Why is this pertinent to the OIC? Because the best way to understand it is as a statement in informal, not formal, logic. I’m not just making this up to deflect criticism. On p. 50 of the above mentioned Formal Ethics the author cites a much older entry in the literature, going back to 1954, by William Frankena:
“Ought implies can need not be construed as asserting a strict logical implication. It may plausibly be understood as saying: (a) moral judgments ‘presuppose’ or ‘pragmatically imply’ that the agent is able to act; or (b) the point of uttering moral judgments disappears if the agents involved are not able to act; or (c) it would be morally wrong to insist that an agent ought to do a certain action, if he is or is thought to be unable to do it.”
All three interpretations are eminently sensible and entirely bypass any (formal) proof or disproof of OIC. I particularly like (b), as to insist that someone ought to do X if it is in fact impossible to do X amounts to stomping one’s foot, which, I have been told on Twitter, is not a good argument.
It is also well worth noting that none of the above papers (except for the one by Chituc and collaborators, of course) — either pro or against OIC — depends at all on empirical data. Whether we should think of OIC as a statement in formal or informal logic is a philosophical, not empirical, question. If we do consider it a statement in formal logic, whether it can be formally proven or disproven to be valid is a matter for formal logic, not empirical data. Which reinforces my original contention that to attempt to “show” that OIC is invalid by see how a bunch of people with no philosophical or logical training use ought language is a non starter.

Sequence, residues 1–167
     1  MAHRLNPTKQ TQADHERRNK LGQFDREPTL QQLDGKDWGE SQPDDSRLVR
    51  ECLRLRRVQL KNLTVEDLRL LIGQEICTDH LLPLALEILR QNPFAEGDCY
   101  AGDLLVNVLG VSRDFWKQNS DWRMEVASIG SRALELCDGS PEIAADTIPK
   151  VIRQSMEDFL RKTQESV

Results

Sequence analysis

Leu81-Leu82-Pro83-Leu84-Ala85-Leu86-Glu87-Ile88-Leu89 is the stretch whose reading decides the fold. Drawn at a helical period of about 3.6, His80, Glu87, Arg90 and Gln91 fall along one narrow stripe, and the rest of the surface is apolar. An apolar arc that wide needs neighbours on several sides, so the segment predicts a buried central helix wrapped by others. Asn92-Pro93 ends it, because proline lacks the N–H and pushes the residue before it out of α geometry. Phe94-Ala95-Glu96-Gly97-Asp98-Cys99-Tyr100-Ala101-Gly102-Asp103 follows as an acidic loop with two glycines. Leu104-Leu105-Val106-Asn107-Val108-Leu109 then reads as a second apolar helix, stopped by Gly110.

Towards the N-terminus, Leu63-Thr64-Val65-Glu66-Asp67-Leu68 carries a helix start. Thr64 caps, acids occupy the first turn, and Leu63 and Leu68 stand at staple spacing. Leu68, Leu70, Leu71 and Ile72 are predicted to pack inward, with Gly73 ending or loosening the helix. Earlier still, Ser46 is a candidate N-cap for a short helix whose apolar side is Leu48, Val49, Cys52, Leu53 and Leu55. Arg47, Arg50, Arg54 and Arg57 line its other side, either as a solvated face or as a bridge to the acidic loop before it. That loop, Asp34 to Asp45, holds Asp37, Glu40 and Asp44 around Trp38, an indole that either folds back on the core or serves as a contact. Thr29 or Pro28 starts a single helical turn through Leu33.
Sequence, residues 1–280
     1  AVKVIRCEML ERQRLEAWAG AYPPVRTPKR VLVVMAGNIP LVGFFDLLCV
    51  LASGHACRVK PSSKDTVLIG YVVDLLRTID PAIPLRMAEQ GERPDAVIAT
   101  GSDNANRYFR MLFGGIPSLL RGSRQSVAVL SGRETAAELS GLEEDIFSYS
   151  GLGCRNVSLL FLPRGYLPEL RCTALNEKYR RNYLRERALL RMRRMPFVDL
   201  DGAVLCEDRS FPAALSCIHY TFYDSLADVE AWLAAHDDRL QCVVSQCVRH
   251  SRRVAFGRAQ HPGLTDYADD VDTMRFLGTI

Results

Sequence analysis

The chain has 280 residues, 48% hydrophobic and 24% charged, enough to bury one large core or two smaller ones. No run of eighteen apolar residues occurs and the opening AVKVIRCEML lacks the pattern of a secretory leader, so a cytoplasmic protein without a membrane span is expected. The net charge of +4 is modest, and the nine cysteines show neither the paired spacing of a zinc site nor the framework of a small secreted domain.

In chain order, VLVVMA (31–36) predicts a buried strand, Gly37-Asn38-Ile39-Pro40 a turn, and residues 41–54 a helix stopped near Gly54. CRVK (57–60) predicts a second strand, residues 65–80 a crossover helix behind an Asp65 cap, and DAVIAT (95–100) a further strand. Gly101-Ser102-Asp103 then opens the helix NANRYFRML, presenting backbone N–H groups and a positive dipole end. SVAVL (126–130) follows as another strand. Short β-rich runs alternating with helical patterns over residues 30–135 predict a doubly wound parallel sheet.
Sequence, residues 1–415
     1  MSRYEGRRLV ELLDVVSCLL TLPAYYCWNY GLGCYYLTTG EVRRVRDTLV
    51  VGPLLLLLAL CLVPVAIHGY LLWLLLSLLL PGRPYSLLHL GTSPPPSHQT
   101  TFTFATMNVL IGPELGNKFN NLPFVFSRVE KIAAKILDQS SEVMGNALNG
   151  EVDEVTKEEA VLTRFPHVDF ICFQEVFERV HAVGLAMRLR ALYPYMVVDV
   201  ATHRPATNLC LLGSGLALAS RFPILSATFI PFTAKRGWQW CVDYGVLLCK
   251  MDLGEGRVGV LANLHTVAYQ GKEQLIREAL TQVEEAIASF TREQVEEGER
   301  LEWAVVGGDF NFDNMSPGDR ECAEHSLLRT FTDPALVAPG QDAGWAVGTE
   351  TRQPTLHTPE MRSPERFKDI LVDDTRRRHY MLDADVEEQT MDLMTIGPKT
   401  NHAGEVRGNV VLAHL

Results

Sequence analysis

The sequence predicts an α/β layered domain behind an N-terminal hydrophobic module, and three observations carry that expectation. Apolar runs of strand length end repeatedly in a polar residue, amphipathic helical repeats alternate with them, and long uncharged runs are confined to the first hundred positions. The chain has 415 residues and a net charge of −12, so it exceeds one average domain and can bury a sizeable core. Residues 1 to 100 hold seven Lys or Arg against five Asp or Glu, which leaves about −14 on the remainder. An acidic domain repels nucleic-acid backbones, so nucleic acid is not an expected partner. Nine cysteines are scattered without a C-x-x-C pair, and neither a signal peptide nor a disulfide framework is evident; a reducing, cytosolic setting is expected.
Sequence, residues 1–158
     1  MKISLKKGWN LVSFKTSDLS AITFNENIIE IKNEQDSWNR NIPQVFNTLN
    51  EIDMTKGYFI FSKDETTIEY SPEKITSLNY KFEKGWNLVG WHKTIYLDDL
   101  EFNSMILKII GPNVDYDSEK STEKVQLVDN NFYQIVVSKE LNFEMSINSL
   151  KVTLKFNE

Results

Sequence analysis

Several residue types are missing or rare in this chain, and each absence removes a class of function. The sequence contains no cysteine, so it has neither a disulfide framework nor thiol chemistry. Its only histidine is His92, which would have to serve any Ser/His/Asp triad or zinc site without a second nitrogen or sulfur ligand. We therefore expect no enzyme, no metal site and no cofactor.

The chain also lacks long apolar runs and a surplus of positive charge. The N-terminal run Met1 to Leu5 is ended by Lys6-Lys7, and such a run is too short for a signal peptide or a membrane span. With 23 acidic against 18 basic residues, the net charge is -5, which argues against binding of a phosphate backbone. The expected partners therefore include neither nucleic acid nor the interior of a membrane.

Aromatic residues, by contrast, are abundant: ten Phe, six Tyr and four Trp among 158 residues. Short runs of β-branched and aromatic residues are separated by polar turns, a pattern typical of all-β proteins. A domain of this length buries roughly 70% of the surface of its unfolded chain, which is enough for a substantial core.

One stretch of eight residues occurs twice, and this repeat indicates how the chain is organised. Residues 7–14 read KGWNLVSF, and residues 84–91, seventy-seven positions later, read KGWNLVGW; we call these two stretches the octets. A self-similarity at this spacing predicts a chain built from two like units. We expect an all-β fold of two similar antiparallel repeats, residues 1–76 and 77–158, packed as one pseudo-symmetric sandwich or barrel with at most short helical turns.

The more general point here, which goes well beyond the OIC, is that formal logic is of rather limited value when it comes to human affairs (works like a charm with computers, though!), because human decisions are “logical” (in the sense of being rational, sensible) depending on a number of assumptions and background conditions whose variability defies any attempt to find the sort of silver bullet mentioned by Maarten, Fabio and myself.
As for the OIC itself, it seems perverse — to paraphrase Frankena — to blame someone for failing to do what he could not possibly do, and I would hope that this principle is clear in the mind of judges in courts of law, if not in those of more or less experimental philosophers. One could say that ought may or may not imply can, depending on what specific meanings and logic one adopts. But if we are talking ethics, it surely ought to.